Wednesday of this week a good friend from the old teacher bargaining days, Paul, met me for coffee at a St. Paul restaurant. He, his wife and I talked about many things, and part of our time was about the raggedness of today’s political conversation in this country, even within “birds of a feather”.
Among other meanderings was the recollection of how difficult negotiations really is for those idealists who actually do the bargaining. Not only is there the obvious disparity in positions between the formal “sides” – in our case, labor and management; even more difficult was the internal “scrum” of priorities within the group we were charged with representing. Individuals and small special interest groups within the union made the process even more difficult…and this was totally off the visible screen for most. It could be brutal.
Yesterday, another good friend and I “talked” a bit on-line about how President Obama has done this first year in office. Jeff is in international business and the very nature of his work is constant negotiations, representing producers in this country in dealings with consumers in other countries. His is the same process that involved Paul and I, only a different venue.
Jeff and I bantered back and forth for a bit about the President’s performance, in baseball terms. “[He has] the “potential to hit .425 in Major League baseball…call me disappointed.” “Your response leads to a question: is there a common definition in this country about what is a political “hit” leading to the .425?” “People got excited with his promise…and promises…now he supports [something else].” “So, “People”? Some think he hit a double; others think he’s struck out; still others would toss him out of the game…it gets complicated really quickly, eh?”
I thought to myself: the baseball metaphor doesn’t work too well here.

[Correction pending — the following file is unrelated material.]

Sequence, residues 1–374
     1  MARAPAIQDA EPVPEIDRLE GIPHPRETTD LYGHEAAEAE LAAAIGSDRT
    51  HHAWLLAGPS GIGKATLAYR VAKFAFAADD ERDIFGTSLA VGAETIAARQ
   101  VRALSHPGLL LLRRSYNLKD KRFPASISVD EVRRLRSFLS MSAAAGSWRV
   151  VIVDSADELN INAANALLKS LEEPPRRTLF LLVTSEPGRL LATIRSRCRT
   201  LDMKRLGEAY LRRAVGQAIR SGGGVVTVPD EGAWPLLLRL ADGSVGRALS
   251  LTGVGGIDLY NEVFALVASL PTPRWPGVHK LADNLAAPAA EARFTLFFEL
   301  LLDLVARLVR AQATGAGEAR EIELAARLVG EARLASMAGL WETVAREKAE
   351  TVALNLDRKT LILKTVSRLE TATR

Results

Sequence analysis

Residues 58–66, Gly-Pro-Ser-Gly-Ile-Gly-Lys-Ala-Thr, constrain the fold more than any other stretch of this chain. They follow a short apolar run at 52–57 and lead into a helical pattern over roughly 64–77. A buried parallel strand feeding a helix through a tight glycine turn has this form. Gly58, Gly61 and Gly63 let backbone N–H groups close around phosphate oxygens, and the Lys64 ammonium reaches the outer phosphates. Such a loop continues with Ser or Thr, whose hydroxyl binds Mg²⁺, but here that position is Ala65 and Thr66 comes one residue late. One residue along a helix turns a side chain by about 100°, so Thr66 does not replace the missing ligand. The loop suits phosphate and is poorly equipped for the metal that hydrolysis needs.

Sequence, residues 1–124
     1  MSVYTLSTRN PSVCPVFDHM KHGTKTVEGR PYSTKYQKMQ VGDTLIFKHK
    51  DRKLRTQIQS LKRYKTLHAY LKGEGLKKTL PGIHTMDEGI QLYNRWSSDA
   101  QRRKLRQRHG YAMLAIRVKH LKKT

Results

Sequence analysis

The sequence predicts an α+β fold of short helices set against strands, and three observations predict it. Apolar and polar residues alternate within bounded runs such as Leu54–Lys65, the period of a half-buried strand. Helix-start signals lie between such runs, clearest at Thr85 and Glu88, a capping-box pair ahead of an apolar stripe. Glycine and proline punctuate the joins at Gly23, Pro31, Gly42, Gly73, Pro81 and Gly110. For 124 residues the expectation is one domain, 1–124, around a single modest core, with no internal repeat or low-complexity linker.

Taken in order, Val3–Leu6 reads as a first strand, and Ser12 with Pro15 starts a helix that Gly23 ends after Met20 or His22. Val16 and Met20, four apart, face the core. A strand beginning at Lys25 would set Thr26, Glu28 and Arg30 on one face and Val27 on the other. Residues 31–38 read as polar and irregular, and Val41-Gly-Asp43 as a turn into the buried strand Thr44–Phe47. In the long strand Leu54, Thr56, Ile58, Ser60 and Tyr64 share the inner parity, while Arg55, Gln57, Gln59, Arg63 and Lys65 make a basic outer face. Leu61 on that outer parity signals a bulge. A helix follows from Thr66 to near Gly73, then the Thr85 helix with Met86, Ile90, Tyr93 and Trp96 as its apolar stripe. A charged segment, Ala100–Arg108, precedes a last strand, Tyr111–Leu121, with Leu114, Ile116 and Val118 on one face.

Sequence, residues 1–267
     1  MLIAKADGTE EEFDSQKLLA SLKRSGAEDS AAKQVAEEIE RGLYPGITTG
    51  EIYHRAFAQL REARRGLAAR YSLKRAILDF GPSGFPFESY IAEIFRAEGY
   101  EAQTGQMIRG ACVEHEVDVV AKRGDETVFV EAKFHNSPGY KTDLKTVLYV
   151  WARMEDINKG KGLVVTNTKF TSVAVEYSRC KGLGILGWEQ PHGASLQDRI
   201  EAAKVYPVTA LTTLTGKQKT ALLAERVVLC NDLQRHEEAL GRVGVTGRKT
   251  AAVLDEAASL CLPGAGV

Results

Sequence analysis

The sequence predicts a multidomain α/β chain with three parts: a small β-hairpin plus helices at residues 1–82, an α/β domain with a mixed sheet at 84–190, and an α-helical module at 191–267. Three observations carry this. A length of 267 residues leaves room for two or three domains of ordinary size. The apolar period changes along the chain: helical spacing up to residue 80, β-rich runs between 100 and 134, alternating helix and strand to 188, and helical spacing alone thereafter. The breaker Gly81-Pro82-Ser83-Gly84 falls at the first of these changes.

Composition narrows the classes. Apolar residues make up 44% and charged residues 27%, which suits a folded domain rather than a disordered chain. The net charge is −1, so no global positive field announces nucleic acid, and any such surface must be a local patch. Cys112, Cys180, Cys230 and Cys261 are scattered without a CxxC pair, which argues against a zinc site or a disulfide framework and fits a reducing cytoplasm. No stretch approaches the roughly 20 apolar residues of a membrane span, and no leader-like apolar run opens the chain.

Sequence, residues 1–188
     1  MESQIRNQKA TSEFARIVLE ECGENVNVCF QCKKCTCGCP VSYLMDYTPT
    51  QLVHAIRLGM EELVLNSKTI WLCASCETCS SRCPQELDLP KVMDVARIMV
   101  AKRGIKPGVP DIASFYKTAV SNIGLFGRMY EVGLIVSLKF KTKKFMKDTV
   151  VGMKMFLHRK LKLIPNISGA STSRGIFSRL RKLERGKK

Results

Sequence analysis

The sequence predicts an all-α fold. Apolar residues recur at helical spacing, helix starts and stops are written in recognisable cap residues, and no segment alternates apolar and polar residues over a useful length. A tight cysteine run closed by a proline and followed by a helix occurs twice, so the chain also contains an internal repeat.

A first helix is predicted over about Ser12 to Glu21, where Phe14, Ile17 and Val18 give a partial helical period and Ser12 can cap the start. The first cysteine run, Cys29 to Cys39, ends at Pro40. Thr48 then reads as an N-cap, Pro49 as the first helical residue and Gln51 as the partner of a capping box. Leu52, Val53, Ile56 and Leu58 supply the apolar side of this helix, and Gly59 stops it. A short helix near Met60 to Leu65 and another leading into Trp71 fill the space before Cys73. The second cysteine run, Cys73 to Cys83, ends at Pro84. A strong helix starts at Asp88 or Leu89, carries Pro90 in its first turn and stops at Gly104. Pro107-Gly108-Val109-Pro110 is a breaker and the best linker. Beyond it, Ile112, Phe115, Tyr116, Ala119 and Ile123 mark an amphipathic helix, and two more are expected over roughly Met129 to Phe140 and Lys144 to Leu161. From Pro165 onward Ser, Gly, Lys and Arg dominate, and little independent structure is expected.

Then, late in the afternoon came an out of the blue e-mail from a fellow I know only from e-mail, who I hadn’t heard from in a long time, whose common interest with me is genealogy and a cultural group newsletter I used to do. “Bonjour Dick…just curious…were you ever in the military?…if so, when and in what branch?” The question was completely out of his and my ordinary context. I answered the question in more detail than perhaps he expected: yes, U.S. Army, 1962-63, peacenik, etc., etc. Maybe I’ll hear from him today on what made him curious, maybe not.
The assorted “threads” above, plus others, got me thinking about the that old, odd Army recruiting phrase: “Army of One“, which at some point replaced “Be All You Can Be” and in turn was replaced in 2006 by “Army Strong“.
Having been in the Army, “Army of One” made absolutely no sense from an operational point of view. An “Army of One” would be an Army of Chaos. But at the time, it was probably the only effective way seen to get enough of our Nation of Individualists to volunteer for service: “I’ll come in, but on my terms” was their demand. That probably lasted through the first day or two of basic training and they learned the truth….
Here we are, in 2010, where we seem, too much, to be a “Nation of Ones”, regardless of ideology. The whole is much, much too complicated, so we tend to fixate on a single issue or aspect of the Whole, and make it our non-negotiable demand. As my negotiator friend and I learned long ago, in much smaller contexts, that kind of bargaining simply does not work. Sooner or later, a resolution for the whole needs to be found, that will also satisfy the other “side”. Absent that, chaos.
So, we elect a new President, and immediately challenge everything he does, every decision he makes, and even his supporters call him a failure because he didn’t single-handedly and immediately resolve all of the very real problems that were on his plate coming in.
I think President Obama understands this conundrum. We should too.